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The Head of Household Exemption Myth

Many physicians deposit their paychecks into so-called "wage accounts" with the belief that doing so makes their wages exempt from creditors pursuant to the so-called "head of household" statutory exemption. But most of them are fooling themselves. 

While it is true that there are several Florida cases which hold that wages are exempt if paid pursuant to an arms’ length employment agreement, the question ultimately revolves around whether the money is properly considered as wages or business (i.e., independent contractor) income for purposes of the exemption statute. For example, the case of in re Zamora, 216 B.R. 451 (So. Dist., Fla. 1997) involved the question of whether a dentist could exempt wages paid by his P.A. The dentist was a 50% stockholder in the P.A. The following quote illustrates the court’s attitude: "And last, the Employment Agreement was not an arms’ length negotiated contract. The negotiation of the Employment Agreement conjures up a picture of Woody Allen in ‘Take the Money and Run’ cross examining himself."

Control is often a crucial factor. Being directly or indirectly in control of the employer ruins the exemption. This is so because labeling the payments as wages has little significance if the debtor is in position to decide how much is paid out as wages verses how much is paid out as dividends.


In the case of in re Manning, 163 B.R. 380 (Bkrtcy, S.D. Fla., 1994) the exemption was denied because the debtor’s wife owned the stock.

In the case of in re Stroup, 221 BR 537 (Bkrtcy., M.D. Fla. 1997), the court denied a minority-stockholder-physician’s claim that deferred compensation on termination of employment was exempt. The debtor in that case only owned 1/3rd of the stock. The court relied on several theories, one of which was that the payment was akin to a dividend on the physician’s stock in the P.A. Another theory relied on by the Court was that the payment was akin to severance pay, which is never considered exempt.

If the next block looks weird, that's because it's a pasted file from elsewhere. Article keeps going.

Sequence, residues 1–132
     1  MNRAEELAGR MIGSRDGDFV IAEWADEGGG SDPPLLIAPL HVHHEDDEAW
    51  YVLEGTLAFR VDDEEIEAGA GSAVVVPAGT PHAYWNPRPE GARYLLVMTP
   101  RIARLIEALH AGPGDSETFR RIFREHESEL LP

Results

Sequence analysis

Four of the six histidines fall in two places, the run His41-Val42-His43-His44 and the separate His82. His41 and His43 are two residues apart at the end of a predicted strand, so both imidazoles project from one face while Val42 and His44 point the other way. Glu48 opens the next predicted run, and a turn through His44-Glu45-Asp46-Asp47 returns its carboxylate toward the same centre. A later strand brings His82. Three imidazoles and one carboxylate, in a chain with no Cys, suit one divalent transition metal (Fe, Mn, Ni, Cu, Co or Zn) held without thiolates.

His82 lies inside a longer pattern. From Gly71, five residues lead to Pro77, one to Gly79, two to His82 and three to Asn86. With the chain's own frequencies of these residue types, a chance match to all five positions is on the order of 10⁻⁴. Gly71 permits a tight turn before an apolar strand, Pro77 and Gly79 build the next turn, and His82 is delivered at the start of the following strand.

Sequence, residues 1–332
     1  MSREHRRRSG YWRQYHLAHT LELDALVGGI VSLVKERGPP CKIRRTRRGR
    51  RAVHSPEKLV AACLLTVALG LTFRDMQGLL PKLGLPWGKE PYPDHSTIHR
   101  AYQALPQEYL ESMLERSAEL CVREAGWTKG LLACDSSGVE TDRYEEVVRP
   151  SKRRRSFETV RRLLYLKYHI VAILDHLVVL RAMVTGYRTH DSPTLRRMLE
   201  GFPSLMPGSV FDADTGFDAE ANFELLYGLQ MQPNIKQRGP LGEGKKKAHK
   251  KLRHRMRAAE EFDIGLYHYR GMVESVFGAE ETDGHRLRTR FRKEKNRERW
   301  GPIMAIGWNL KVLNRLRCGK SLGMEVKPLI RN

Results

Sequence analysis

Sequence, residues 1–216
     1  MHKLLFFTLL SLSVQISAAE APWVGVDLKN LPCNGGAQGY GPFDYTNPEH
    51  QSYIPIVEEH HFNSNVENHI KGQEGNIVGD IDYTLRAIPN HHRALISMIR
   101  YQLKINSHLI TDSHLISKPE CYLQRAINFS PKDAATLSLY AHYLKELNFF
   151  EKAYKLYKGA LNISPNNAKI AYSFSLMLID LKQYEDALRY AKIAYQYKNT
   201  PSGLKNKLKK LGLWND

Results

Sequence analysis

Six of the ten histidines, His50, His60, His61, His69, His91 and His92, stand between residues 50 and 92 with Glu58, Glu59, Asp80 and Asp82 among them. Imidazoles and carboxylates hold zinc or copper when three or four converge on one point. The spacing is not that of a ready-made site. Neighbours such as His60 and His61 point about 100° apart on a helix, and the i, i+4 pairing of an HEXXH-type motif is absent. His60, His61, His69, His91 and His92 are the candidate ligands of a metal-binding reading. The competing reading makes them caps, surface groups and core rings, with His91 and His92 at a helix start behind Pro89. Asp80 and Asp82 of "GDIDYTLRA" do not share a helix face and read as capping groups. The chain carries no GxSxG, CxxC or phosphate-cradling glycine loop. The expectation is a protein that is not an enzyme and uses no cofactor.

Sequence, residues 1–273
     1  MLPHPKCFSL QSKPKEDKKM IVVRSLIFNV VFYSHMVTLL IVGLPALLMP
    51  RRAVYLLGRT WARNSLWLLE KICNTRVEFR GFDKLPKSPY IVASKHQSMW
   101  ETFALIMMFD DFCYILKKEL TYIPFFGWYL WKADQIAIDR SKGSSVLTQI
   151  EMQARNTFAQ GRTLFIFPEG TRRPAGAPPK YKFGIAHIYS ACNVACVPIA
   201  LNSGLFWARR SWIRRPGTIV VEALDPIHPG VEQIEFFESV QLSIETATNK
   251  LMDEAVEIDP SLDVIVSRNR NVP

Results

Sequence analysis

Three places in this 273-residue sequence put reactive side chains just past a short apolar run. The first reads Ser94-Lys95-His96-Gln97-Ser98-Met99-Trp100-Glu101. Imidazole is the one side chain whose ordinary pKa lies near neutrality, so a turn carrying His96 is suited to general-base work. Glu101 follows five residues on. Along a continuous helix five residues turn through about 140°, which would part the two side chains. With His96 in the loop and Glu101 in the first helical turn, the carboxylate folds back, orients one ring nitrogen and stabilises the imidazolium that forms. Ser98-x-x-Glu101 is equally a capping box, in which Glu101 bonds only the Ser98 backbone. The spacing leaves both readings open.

On the other hand, if the physician is not a direct or indirect stockholder, the exemption may very well be available. For example, in the case of in re Montoya, 77 B.R. 926 (Bkrtcy., M.D. Fla., 1987), the court held that a physician was entitled to the wage exemption AFTER he sold his stock to the other 50% stockholder at market value.

The bottom line is that it’s a fact question, the court’s finding rarely could be overturned on appeal, and the court will have already found that the defendant is wearing the black hat. Obviously, stockholders and officers are not in a good position.

By the way, there is not much point in a married physician labeling a bank account as a wage account. A standard tenancy by the entireties account to which only wages are deposited serves the same purpose. It’s a tracing question, not a labeling question.

©2007 Steven M. Chamberlain, Esq. All rights reserved. Republication with attribution is permitted.